Rampage - _Monolith to an Abandoned Past_
(Unsung Heroes, 2001)
by: Quentin Kalis (7.5 out of 10)
Following on the heels of 2000's Viking metal epic _Bellum Infinitum_ and a couple of black metal tracks on the _New World Blasphemy_ split with Song of Melkor and Cross Sodomy, prolific one-man act Rampage has now put those musical styles behind them with _MtaAP_, a doom-based record. It would be a mistake to call this a doom record, as Rampage has not managed to put these styles completely behind him, and their influence, along with other musical styles, can be felt throughout the album. For instance, while the opening track is reminiscent of _Forest of Equilibrium_-era Cathedral with slow, heavy, grieving guitars, the beginning of the following track reminds one of the likes of My Dying Bride with its slow arpeggiated guitar overlaying a more distorted guitar wailing mournfully in the background. Here Rampage's experience in metal's various genres is evident, as the second part of this song sounds more like Dio than My Dying Bride. (It really isn't as bad as it sounds!) Two out of eight songs are covers, one of which is a passable cover of Black Sabbath's "Wheels of Confusion", its groove a far cry from the doomy riffs that litter most of this album. The last track, which is simply indicated with an ellipsis, is upon listening revealed as a cover of Mayhem's classic "Funeral Fog". By far and away the heaviest, fastest song on this album, it betrays Rampage's origins as a death/thrash band. Despite all the various elements in the album, it is remarkably coherent, largely because they represent a natural development of a man inclined towards experimentation rather then a kitchen sink approach to songwriting.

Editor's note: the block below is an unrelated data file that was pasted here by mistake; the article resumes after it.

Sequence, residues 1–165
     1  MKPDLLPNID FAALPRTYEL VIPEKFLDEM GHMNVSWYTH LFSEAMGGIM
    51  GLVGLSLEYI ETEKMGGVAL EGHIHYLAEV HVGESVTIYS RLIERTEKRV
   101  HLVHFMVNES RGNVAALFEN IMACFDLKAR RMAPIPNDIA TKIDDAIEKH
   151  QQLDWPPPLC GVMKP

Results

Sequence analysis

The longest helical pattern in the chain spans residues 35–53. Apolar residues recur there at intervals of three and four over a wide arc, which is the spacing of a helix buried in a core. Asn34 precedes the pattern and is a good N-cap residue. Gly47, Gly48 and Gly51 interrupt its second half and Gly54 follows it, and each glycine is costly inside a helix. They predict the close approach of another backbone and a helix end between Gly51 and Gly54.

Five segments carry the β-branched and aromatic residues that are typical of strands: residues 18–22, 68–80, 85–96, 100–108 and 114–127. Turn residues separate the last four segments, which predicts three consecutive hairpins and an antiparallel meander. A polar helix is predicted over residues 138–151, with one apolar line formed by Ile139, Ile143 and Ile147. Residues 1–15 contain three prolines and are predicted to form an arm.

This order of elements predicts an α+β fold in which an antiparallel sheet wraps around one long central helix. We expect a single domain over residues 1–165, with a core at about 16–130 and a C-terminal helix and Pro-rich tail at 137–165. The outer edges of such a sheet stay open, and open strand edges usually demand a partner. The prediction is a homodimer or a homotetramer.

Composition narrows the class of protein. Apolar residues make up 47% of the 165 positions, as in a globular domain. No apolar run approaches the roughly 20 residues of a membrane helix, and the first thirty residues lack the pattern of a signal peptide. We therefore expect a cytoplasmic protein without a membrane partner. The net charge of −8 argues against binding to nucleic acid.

Contact: http://unsungheroesrecords.cjb.net

(article published 12/4/2002)

RSS Feed RSS   Facebook Facebook   Twitter Twitter  ::  Mobile : Text  ::  HTML : CSS  ::  Sitemap

All contents copyright 1995-2024 their individual creators.  All rights reserved.  Do not reproduce without permission.

All opinions expressed in Chronicles of Chaos are opinions held at the time of writing by the individuals expressing them.
They do not necessarily reflect the opinions of anyone else, past or present.